Saturday, July 25, 2020

Vintage DKNY dress, Vogue 1958 in cotton sateen

My love for the Vogue patterns by designer Donna Karan runs very deep, and I have a secret mission to sew up all of them. Which will never happen but I can pretend. However my late night eBay pattern browsing brought me to what can only be classified as my perfect DKNY pattern, and it landed in my shopping cart with not a moment's hesitation.
As soon as it arrived I wanted to stitch it up but alas, where does one wear a nice new dress these days? I was feeling a bit weighed down by our current societal situation, and slightly exasperated with sewing silly things I don't need, and then I decided - a red dress! There is something about a red dress that just cheers me up and the inspiration was right there on the pattern envelope. Not to mention that I had this red cotton sateen in my fabric stash for several years so it seemed a good time to use it.  So a red dress it was, and I love it but due to trying to outsmart myself it was a lengthy fitting journey to get here.  

Red sateen dress9

Of course I decided to make View B, shown on the pattern envelope on the right in black. My preference for that armhole cut is well know, but I did think the center front neckline looked a bit high. This pattern was a 3 size one, so it included sizes 12-14-16.

Vogue 1958 DKNY pattern red dress

I thought perhaps by using the size 16 lines at the neck I could then cut it down at the neckline so I cut out a bit of a mish-mash on the sizes and figured I could shape and adjust the upper part of the dress in the fabric. Which is what I did but it probably created way more work, and a lot of pin something, try on, take off, make small adjustment and repeat until I liked the result.

Here's the technical drawing for this pattern. which shows the seaming. The upper part of the bodice is continuous with the skirt front and then there is a waist inset, with a dart forming a pleat. I love patterns with interesting seaming and construction, to me they are so much more visually interesting and much more fun to sew.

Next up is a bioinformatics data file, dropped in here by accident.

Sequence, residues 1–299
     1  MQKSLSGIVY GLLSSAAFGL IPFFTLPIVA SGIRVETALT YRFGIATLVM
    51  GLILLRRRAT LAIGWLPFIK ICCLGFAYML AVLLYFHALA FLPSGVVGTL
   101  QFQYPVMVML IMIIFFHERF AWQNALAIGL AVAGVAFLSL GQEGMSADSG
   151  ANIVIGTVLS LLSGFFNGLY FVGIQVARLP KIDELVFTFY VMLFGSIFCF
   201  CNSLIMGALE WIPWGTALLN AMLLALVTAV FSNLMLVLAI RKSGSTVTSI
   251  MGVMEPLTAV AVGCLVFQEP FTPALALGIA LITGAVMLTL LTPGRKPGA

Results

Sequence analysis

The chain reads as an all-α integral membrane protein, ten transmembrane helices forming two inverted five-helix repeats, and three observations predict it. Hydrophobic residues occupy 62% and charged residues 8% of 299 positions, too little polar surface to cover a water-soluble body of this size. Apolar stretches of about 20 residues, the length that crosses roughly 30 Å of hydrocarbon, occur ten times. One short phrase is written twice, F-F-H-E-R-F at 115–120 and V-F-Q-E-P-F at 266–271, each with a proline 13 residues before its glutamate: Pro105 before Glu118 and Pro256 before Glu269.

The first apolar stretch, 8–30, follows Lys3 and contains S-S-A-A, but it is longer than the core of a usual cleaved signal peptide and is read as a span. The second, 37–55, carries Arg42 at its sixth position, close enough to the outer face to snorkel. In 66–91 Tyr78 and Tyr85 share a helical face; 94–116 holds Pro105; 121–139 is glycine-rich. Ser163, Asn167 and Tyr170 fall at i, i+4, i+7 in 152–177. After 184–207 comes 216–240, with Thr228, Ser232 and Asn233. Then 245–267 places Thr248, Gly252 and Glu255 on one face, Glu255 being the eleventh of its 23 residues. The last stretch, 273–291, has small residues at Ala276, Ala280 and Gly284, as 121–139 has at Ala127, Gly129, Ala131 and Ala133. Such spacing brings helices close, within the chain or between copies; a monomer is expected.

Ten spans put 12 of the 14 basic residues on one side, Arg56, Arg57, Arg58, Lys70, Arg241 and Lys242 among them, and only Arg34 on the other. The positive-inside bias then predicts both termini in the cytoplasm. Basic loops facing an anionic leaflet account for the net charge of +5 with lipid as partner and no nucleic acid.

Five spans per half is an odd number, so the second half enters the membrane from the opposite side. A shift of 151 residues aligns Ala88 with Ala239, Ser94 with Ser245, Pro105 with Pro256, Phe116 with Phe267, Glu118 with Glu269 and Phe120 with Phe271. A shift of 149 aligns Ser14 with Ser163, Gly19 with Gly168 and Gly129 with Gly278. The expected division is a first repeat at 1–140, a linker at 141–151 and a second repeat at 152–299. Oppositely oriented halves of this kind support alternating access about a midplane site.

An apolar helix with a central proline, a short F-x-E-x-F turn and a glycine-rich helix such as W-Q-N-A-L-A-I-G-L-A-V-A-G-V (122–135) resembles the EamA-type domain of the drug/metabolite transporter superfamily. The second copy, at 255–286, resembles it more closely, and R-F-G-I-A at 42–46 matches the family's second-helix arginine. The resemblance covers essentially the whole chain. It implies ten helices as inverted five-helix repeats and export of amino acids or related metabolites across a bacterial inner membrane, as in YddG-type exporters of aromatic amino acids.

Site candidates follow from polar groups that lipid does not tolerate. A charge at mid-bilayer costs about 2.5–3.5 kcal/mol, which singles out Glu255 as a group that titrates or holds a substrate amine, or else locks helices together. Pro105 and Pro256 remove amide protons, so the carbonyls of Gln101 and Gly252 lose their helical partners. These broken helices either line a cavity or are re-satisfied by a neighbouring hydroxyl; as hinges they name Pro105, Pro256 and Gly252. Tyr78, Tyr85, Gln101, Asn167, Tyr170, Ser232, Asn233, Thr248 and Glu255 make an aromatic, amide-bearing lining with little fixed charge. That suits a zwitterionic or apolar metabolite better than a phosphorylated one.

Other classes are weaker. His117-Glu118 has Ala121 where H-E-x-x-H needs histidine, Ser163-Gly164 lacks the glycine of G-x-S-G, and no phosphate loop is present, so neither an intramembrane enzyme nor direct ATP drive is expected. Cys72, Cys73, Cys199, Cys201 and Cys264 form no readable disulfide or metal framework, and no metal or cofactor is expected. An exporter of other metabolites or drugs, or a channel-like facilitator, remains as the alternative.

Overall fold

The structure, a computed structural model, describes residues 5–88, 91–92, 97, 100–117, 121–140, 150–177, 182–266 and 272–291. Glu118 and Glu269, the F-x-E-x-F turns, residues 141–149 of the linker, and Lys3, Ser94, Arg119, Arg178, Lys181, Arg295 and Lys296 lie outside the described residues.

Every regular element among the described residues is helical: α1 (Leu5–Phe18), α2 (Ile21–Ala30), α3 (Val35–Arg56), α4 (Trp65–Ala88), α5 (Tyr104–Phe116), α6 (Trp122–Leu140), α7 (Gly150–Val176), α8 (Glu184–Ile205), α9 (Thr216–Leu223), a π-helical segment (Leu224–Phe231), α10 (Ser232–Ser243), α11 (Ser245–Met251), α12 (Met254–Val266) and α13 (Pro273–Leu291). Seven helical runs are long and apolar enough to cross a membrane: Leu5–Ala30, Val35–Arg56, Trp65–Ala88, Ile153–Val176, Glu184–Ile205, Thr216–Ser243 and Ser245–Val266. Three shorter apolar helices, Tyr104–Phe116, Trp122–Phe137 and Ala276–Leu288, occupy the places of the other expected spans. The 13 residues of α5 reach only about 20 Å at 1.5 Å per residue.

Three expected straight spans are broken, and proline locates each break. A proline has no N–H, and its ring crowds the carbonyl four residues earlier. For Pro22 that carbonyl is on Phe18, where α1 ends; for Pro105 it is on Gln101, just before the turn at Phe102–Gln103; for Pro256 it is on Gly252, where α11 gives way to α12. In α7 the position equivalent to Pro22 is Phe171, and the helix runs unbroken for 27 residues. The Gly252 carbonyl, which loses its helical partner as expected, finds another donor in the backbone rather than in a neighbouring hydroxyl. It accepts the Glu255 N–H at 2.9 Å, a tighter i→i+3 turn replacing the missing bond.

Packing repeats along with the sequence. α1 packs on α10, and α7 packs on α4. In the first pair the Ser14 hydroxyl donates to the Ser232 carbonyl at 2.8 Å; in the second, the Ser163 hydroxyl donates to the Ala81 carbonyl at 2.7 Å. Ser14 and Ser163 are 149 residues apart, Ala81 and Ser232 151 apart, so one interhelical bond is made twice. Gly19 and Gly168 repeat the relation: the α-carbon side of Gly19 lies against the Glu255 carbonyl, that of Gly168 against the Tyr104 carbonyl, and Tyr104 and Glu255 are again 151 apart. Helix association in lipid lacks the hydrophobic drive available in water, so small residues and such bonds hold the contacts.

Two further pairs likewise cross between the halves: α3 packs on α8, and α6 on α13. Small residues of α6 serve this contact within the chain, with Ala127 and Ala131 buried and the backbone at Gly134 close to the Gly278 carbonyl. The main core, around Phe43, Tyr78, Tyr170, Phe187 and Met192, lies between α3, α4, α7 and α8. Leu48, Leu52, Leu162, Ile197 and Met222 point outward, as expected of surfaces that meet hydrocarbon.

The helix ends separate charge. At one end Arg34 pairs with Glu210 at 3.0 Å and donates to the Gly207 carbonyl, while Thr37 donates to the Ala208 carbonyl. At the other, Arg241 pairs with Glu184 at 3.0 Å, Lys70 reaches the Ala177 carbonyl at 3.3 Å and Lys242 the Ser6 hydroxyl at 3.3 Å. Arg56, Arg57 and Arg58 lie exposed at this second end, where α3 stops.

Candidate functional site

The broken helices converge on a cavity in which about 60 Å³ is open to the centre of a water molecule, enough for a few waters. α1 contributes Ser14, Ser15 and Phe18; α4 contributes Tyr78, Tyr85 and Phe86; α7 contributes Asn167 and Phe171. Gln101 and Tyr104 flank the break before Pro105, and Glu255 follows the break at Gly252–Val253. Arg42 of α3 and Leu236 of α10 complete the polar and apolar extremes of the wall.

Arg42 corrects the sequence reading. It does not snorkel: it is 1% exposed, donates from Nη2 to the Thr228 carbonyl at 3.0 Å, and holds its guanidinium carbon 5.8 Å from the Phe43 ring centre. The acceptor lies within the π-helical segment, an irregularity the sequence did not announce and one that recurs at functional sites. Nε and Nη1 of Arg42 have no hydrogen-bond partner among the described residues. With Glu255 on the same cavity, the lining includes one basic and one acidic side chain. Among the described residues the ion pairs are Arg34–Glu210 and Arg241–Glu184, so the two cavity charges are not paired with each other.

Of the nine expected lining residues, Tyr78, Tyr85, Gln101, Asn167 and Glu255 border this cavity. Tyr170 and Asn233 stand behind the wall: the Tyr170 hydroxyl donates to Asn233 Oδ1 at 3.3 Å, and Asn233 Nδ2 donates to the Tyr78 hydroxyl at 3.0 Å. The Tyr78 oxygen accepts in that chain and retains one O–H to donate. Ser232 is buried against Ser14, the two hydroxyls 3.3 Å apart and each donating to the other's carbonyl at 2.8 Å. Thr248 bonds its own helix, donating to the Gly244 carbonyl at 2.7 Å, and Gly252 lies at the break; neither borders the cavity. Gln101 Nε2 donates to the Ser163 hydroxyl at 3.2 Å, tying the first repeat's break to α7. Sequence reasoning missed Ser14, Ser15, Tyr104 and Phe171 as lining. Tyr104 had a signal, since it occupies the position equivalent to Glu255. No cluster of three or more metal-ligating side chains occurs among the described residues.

Vogue 1958 DKNY pattern tech drawing

Red sateen vogue dress pattern piece front

I did some pin fitting of the upper part of the bodice and decided (1) to add a bit of length to the center front so the waist seam would land in the right spot. This shifted the angle of the front and added to the horizontal width of the front neckline, so (2) I pinched that out with tiny folds to retain the width of the neckline. (3) Since I was cutting out the size 16 at the shoulder I raised the underarm about 3/4". (which I often do on sleeveless dresses, it can always be removed later but I don't like when they land too low).  I used the size 16 on the side seams so I could adjust the side seam later, the markings of the pleats and dart are the same for all sizes so no change there. Also, to do this adjustment I cut off the upper part of the pattern, traced and adjusted it on tissue and then attached back to the bigger pattern piece. So just FYI - no need to trace an entire pattern. You bought it, you own it, cut it up and work with it, and if you are concerned with fit adjustments just trace the pattern pieces that will need adjustments.

Red sateen dress 2

All my outdoor photos are a bit out of focus, which is something I didn't notice until days later, but hopefully you can see the dress well enough.

Red sateen dress construction

There is a look at the dress front, you can see how the waist inset is attached to the bodice side front and then the dart is sewn in order to make the pleat.